3. 3. International Journal of Civil Engineering and Technology (IJCIET), ISSN 0976 – 6308 (Print), ISSN 0976 – 6316(Online), Volume 5, Issue 4, April (2014), pp. 71-81 © IAEME 73 The experimental procedure required the preparation of 120 formulations. The parameters characterizing the rheological and mechanical properties of the tested mortars were performed in laboratory at temperatures of 20 ± 2°C. To study the influence of the nature and the properties of admixtures on the strengths of mortars with super-plasticizers, we analyzed the variations of compressive strengths at 07 and 28 days for mortars C1 with super-plasticizer SP1 according to the rate of the cement substitution by the different admixtures. To study the influence of the nature of cement on the compressive strengths, we studied these variations at 07 and 28 days of mortars with cement C2 and the two used super-plasticizers, according to the rate of the cement substitution by the used admixtures, and we presented in figures 02 and 03, the correlation between the strengths of mortars with the two used cements. To study the influence of the nature of super-plasticizers on the compressive strengths in mortars C1 and C2 with admixtures, we studied the variation of compressive strengths at 07 and 28 days for the mortars with super-plasticizer SP2, according to the rate of the cement substitution by the used admixtures, and we presented in figures 04 and 05, the correlation between the strengths of mortars with the two used super-plasticizers. The influence of the fineness of admixtures on the compressive strengths of mortars was studied for three admixtures of limestone and two admixtures of Pozzolan of different fineness. We presented in figures 06 and 07 the variation of the compressive strengths at 07 days and 28 days for mortars with super-plasticizer SP1, according to the Blaine fineness (cm²/g) for various rates of cement substitution, and for the two cements used. 3. MATERIALS This study was achieved by using two types of cements used for the manufacturing of concretes in the east of Algeria. These cements have comparable fineness and C3S content, but are different in the C3A content. The used sand is a current sand of river. Four admixtures different by their mineralogical nature and their chemical composition were considered: Limestone (L), Pozzolan (Pz), blast furnace slag (BFS) and silica fume (SF). To analyse the influence of the fineness of admixtures on the compressive strengths, we considered three kinds of limestone admixtures and two kinds of Pozzolan admixtures different by their granularity. Two types of super-plasticizers high water reducer were used in aqueous form, manufactured and marketed in Algeria. The principal characteristics of the used materials are given in tables 01 to 04. Table 1: Physical characteristics of materials used Material Designation Specific gravity [Kg/m3 ] Specific Surface Blaine [cm2 /g] CPJ-CEM II/A 42.5 CPA-CEM I ES 42.5 Limestone 1 Limestone 2 Limestone 3 Pozzolan 1 Pozzolan 2 Blast-furnace slag Silica fume C1 C2 L1 L2 L3 Pz1 Pz2 BFS SF 3100 3150 2700 2700 2700 2650 2650 2800 2240 3200 3020 3300±150 5100±270 8500±180 3500±200 5600±180 2900±120 15* (*): The smoothness of the silica fume was provided by the BET test and was given in m²/g.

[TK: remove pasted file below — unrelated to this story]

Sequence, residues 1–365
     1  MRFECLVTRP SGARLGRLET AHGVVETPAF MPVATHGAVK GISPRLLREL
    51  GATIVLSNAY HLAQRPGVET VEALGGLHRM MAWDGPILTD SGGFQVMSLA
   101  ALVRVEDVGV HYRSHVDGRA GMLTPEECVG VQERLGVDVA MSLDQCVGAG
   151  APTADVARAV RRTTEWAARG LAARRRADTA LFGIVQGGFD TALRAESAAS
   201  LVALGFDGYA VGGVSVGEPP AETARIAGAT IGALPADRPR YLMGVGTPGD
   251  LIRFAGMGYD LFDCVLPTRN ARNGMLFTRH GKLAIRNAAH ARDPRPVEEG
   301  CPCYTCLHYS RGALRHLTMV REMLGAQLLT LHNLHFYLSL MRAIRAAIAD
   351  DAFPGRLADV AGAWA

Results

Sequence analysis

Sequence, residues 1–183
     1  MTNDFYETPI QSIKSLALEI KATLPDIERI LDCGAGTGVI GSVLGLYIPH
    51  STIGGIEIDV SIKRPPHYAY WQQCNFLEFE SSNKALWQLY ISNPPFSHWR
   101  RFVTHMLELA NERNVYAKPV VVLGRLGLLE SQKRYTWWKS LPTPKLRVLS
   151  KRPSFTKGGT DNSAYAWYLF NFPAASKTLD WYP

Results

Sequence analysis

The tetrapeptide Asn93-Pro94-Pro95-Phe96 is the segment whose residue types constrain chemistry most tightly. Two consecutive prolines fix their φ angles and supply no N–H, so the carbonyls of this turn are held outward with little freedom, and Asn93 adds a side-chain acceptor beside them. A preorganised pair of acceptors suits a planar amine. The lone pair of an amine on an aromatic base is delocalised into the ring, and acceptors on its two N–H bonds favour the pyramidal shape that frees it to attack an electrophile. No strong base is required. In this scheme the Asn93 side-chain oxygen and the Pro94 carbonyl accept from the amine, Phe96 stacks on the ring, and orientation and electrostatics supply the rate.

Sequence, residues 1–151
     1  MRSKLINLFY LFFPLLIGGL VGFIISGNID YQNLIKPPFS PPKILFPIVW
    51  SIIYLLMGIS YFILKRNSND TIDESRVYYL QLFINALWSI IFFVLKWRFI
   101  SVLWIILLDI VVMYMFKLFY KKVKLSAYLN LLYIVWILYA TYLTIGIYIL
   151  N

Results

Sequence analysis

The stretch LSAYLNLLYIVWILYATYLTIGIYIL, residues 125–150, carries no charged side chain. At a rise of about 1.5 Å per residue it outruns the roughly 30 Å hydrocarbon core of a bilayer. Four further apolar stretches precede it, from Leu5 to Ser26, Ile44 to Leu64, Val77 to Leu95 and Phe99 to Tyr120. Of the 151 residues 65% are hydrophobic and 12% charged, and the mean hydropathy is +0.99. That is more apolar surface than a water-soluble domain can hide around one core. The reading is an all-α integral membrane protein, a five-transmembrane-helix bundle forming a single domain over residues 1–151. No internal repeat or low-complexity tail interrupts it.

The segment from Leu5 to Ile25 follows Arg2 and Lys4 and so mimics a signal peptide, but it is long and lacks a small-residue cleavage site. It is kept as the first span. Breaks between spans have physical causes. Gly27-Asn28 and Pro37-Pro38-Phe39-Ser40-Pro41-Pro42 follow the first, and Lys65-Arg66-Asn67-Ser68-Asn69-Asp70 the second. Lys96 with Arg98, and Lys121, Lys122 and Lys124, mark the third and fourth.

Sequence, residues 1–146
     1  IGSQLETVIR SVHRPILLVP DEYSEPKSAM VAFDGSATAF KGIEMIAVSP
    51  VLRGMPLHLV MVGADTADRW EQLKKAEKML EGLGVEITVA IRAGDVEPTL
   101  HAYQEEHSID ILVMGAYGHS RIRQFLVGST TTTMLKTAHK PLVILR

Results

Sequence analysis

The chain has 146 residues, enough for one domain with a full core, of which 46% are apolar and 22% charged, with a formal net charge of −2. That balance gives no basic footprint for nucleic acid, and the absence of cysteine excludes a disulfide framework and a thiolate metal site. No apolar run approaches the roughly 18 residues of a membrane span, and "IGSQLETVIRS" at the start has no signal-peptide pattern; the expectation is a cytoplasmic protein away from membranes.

4. 4. International Journal of Civil Engineering and Technology (IJCIET), ISSN 0976 – 6308 (Print), ISSN 0976 – 6316(Online), Volume 5, Issue 4, April (2014), pp. 71-81 © IAEME 74 Table 2: Chemical composition of materials used Designation CaO SiO2 Al2O3 Fe2O3 MgO K2O MnO Na2O SO3 LOI C1 C2 L Pz BFS SF 64.36 63.91 55.5 10,10 43.01 20.00 22.00 21.62 - 44,85 40.80 79.00 5.02 4.49 - 17,20 5.20 - 2.94 5.37 0.03 10,50 0.53 - 2.07 1.66 0.80 3,40 6.40 - 0.47 0.25 - 1,60 - - - - - - 3.02 - 0.26 0.08 - 4.05 - - 1.94 1.92 - 1.50 - - 0.64 0.81 43.6 4.10 - 1.00 Table 3: Mineralogical composition of the clinker (Bogue) Minerals (%) C3S C2S C3A C4AF C1 C2 51.28 52.48 24.68 22.69 8.33 2.82 8.94 16.32 Table 4: Characteristics of the used super-plasticizers Characteristics Designation Color Specific gravity [Kg/m3 ] pH Cl- content Dry extract SIKAFLUID MEDAPLAST SP 40 SP1 SP2 Dark Brown Brown 1.20±0.02 1.20±0.01 7.5±1.5 8.2 < 0.1% < 1 g/l 40±2 % 40 % 4. TESTS AND RESULTS 4.1 Compressive strengths of mortars with admixtures and super-plasticizers Variations of compressive strengths at 07 and 28 days for mortar C1 with super-plasticizers SP1 according to the rate of the cement substitution are represented by figure 1. Figure 1: Variation of the compressive strengths at 07 and 28 days of mortars C1-SP1, according to the rate of the cement substitution by admixtures We can note that the compressive strengths at 07 days and 28 days vary significantly with the mineralogical nature, granular characteristics (fineness) of the built-in admixtures and the rate of the